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Thursday, 22 December 2011

My first National Day in Qatar

At the break of dawn, people were moving towards the Corniche not just to find the best seatbut also to find the nearest parking area, and to see the air show and the Army march in its full glory. Cars were parked as far as the HMC Complex on the one end, to the Musheireb area on the other end, while thousands walked towards the Corniche to watch the parade.
Qatar Airlines flight
People near the Oryx statue

People returning after watching the parade...
People had started turning up at the Corniche from as early as 5 am. Most showed up in style, wearing dresses or accessories inspired by Qatar’s flag or with faces painted in maroon and white, the national flag’s colour.

Don't know what the cops are discussing...
Snack-time before leaving the Corniche...
With an old beauty...
And the cop too...
For future...
We parked our car at Vij’s office and walked towards the Corniche. It was nice to see the empty roads and walking on silent roads was amazing, even though our legs started singing with pain. We reached the Corniche and came to know that there were several seats laid for thousands along the stretch from Al Bidda Park to the Ministry of Interior headquarters along the Corniche Road which were already occupied and the crowd spilled over to the roadside!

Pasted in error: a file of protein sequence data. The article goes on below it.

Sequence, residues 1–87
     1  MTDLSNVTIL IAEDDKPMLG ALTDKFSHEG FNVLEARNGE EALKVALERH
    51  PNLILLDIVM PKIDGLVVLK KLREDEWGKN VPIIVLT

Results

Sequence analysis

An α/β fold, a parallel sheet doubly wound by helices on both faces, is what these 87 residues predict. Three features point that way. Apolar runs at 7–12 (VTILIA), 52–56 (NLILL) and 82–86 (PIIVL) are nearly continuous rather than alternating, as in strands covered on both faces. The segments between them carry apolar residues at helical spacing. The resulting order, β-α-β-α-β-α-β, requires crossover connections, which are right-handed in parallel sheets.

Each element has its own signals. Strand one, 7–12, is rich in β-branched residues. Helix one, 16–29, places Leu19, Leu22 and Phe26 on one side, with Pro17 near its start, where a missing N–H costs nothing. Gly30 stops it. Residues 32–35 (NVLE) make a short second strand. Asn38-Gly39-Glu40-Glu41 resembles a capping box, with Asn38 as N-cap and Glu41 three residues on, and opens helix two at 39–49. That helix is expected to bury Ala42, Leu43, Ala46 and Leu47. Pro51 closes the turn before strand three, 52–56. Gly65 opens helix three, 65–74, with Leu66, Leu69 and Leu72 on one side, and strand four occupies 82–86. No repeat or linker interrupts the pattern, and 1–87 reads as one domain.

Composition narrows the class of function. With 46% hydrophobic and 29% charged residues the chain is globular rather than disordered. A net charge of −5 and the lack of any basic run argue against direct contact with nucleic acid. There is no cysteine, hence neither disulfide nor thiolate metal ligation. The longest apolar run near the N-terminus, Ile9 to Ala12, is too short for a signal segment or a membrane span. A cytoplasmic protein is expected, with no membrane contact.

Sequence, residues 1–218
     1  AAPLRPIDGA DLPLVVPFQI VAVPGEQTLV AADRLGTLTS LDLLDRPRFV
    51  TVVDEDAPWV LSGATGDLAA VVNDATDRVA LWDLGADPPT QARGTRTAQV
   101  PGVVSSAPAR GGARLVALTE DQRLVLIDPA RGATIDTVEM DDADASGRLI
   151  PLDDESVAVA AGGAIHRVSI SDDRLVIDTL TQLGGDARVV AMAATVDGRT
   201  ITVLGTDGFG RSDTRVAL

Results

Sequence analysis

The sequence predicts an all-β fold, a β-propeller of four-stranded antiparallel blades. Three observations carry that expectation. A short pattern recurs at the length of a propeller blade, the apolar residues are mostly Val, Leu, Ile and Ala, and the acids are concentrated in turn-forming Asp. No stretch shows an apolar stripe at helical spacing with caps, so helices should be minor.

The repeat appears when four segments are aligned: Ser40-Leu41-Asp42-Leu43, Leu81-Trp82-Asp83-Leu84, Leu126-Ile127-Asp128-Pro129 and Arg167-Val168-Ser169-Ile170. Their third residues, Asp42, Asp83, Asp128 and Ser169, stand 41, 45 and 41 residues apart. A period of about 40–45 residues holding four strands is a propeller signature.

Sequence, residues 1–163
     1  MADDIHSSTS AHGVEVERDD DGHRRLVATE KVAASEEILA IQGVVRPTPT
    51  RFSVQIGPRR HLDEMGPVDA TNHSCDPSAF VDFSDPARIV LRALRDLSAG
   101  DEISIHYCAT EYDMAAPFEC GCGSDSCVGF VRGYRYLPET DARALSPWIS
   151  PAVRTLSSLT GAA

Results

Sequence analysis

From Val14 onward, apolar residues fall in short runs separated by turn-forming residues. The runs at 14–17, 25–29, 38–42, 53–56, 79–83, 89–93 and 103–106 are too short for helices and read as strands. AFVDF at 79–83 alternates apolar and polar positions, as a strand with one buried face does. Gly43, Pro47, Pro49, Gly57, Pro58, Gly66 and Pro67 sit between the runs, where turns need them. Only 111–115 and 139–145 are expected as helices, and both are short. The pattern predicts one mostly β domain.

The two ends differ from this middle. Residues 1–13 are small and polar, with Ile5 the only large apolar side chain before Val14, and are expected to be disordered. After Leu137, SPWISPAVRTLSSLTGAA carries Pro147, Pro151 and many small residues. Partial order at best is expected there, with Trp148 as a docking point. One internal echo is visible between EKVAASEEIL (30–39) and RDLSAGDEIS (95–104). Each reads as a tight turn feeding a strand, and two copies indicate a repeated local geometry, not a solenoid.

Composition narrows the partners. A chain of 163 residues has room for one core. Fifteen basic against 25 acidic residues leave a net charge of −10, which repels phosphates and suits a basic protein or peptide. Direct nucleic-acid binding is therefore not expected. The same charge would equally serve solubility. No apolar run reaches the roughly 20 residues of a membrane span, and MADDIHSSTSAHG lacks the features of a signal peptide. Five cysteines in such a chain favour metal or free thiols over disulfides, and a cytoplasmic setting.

The kid looks amused...
He wanna ride now itself... ;)

Weeeeee.....

Proud to be Qataris...
We just stood at the big screen near the Oryx statue to watch the whole event and then joined the crowd to see other events.

National Day Parade
Braving cold weather and traffic blocks on many city roads on Sunday morning, we joined hundreds of people who were lined up to witness the National Day parade, which featured a large number of marching platoons and new armoured vehicles along the Corniche.



Rendition of the National Anthem and recitation of verses from the Quran followed by an 18-gun salute to the Emir signalled the start of the event. The parade showed Qatar’s indelible horse and camel racing and maritime tradition as horse and camel riders paraded while dhows sailed in the bay at the start of the much-awaited national day parade.

It was followed by members of the Qatari army, navy and air force marching smartly on one side of the Corniche Road as tanks and classic and modern armoured vehicles passed on the other side. Vij told me new to this year’s parade was a team of powered paragliders who flew as the parade progressed. Military speedboats dashing across the waters added to the beauty of the event.